Mayhem Breaks Out in Brazil

In different areas of the world, there is no denying that trust in the government is fading. Many governments have contributed to the lack of trust by using COVID as an opportunity to introduce tight limits on people’s movements, freedoms, and liberties.

There are also growing concerns about the integrity of elections in various communities. This, too, contributes to a lack of trust in a government that many citizens perceive as crooked or willing to put its interest above the will of the people.

This has been seen here in the United States during the January 2021 Capitol riots. To a lesser extent, ongoing debates about the security of US elections also continue.

Now, in Brazil, a similar situation has emerged, according to DW.

What to Know About Problems in Brazil

Jair Bolsonaro, the former president of Brazil, has a lot of supporters. It also turns out that Bolsonaro’s supporters are not at all pleased with Luiz Inacio Lula da Silva, the newly inaugurated president of Brazil, being in office.

This past Sunday, Bolsonaro loyalists made their displeasure known by forcing their way into the nation’s Congress, rioting, and demanding for military action to restore Bolsonaro’s presidency.

Like America’s January 6 rioters, many Bolsonaro supporters maintain their presidential election was stolen and do not consider Lula da Silva to be the rightful president.

Government officials in Brazil have vowed that those who illegally entered the nation’s Congress are going to be held accountable. The endgame for many of these demonstrators was to ultimately put an end to Lula da Silva’s time in office.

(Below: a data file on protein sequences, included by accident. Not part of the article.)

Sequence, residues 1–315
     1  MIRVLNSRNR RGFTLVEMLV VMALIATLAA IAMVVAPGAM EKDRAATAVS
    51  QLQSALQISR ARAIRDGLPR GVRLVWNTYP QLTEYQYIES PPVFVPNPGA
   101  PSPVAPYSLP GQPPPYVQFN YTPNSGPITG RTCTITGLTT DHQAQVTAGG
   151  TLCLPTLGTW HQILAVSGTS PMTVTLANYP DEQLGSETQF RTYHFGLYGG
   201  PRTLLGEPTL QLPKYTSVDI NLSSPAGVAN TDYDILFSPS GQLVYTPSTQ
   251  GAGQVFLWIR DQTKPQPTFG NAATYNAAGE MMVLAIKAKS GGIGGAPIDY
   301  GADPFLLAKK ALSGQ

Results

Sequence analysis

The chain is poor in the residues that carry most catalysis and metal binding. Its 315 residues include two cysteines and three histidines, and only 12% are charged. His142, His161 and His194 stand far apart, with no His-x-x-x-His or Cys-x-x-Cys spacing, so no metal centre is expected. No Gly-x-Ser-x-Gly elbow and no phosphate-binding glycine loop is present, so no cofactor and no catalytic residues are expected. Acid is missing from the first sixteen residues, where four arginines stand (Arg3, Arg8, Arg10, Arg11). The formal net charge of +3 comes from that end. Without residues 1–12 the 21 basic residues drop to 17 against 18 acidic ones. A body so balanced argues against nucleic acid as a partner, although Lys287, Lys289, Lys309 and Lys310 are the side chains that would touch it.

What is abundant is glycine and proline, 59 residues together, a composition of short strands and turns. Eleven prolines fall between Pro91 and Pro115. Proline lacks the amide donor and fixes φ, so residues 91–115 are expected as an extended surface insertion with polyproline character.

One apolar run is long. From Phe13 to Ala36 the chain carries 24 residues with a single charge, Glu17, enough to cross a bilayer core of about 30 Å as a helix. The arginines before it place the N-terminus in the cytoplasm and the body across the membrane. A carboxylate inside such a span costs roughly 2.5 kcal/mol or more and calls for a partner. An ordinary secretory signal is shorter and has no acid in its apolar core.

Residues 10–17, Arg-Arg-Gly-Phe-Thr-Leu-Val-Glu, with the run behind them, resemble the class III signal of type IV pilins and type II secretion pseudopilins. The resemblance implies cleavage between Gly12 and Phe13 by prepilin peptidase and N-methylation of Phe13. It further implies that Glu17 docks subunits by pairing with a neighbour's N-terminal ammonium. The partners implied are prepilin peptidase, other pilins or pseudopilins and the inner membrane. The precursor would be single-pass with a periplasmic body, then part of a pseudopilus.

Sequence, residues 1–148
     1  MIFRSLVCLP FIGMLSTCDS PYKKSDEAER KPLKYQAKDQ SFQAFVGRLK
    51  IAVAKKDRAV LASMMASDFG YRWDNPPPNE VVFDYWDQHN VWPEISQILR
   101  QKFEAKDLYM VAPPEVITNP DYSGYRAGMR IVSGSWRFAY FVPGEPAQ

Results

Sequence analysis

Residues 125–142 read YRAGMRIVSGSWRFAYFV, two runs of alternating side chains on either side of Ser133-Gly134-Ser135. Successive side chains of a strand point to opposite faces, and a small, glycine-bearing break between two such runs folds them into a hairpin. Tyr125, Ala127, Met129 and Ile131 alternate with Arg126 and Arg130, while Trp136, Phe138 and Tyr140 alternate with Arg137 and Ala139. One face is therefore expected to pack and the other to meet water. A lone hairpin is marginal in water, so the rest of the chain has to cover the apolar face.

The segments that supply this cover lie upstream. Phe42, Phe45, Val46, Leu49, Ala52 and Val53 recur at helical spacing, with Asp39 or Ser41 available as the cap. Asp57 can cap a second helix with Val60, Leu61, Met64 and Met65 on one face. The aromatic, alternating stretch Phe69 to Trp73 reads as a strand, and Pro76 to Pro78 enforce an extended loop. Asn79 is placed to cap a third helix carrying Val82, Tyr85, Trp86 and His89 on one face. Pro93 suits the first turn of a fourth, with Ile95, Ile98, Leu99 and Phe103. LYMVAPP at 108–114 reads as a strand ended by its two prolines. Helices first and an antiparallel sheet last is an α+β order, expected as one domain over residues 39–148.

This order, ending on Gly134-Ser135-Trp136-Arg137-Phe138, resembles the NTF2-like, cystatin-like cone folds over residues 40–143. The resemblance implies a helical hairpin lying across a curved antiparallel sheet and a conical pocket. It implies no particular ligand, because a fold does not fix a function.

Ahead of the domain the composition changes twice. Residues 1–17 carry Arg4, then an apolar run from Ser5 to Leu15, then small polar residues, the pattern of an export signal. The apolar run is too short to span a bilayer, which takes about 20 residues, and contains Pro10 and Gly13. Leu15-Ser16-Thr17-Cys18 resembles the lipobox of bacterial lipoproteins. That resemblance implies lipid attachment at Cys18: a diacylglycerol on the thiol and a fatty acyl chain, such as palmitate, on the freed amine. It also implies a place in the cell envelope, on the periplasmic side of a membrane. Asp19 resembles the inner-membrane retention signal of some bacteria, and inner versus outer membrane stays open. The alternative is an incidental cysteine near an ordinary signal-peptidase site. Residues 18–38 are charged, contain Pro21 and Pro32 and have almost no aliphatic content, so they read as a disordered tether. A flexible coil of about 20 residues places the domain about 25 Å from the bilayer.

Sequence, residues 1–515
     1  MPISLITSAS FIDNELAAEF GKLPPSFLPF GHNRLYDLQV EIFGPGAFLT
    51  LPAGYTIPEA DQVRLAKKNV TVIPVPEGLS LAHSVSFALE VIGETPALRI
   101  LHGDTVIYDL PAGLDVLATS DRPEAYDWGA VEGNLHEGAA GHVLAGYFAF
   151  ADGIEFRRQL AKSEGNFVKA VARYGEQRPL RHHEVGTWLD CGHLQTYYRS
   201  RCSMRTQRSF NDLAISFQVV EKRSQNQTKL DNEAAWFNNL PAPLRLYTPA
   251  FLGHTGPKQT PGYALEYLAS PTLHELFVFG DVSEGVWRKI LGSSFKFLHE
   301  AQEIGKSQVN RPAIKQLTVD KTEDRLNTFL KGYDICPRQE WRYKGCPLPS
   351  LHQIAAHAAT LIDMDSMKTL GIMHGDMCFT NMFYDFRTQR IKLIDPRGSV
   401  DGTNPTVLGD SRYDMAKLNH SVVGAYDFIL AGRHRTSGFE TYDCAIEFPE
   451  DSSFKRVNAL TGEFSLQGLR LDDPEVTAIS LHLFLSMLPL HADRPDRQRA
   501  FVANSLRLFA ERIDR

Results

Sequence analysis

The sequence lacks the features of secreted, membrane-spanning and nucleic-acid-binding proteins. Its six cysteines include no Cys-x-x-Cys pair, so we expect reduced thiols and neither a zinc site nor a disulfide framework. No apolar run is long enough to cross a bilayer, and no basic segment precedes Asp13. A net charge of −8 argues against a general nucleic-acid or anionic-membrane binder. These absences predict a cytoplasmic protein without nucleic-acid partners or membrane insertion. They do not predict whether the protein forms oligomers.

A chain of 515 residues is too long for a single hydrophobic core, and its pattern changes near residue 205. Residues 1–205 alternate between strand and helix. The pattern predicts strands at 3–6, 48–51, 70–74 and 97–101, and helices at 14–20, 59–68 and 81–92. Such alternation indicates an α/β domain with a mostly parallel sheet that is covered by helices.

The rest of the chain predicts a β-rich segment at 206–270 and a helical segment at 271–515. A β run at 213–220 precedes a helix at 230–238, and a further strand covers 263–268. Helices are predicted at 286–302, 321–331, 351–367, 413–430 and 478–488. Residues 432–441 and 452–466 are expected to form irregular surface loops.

To this end, Bolsonaro loyalists have not gotten what they wanted.

A Larger Concern

When even a considerable minority of a nation’s public loses confidence in elections, this is deeply problematic. It ultimately leads to incidents like the January 6 riots and the storming of Congress in Brazil.

Here in the United States, claims of rigged and stolen elections have been denied by both the courts and Americans who do not believe these claims. Nevertheless, the idea that the fix is in has not disappeared and it may not ever.

In Brazil, it remains to be seen if the country can take any action to restore confidence in election security. What’s happened could also very well leave a stain on Brazil’s future elections.

There could be more citizens who choose to storm government buildings when the candidate of their choice doesn’t make it across the finish line. At this point, Pandora’s box has been opened and there’s no telling if it can ever truly be shut.

What do you think about the demonstrations that took place in Brazil from members of the public who believe their presidential election was stolen? You can leave your insight and takeaways in the comments area.

This article appeared in The Conservative Brief and has been published here with permission.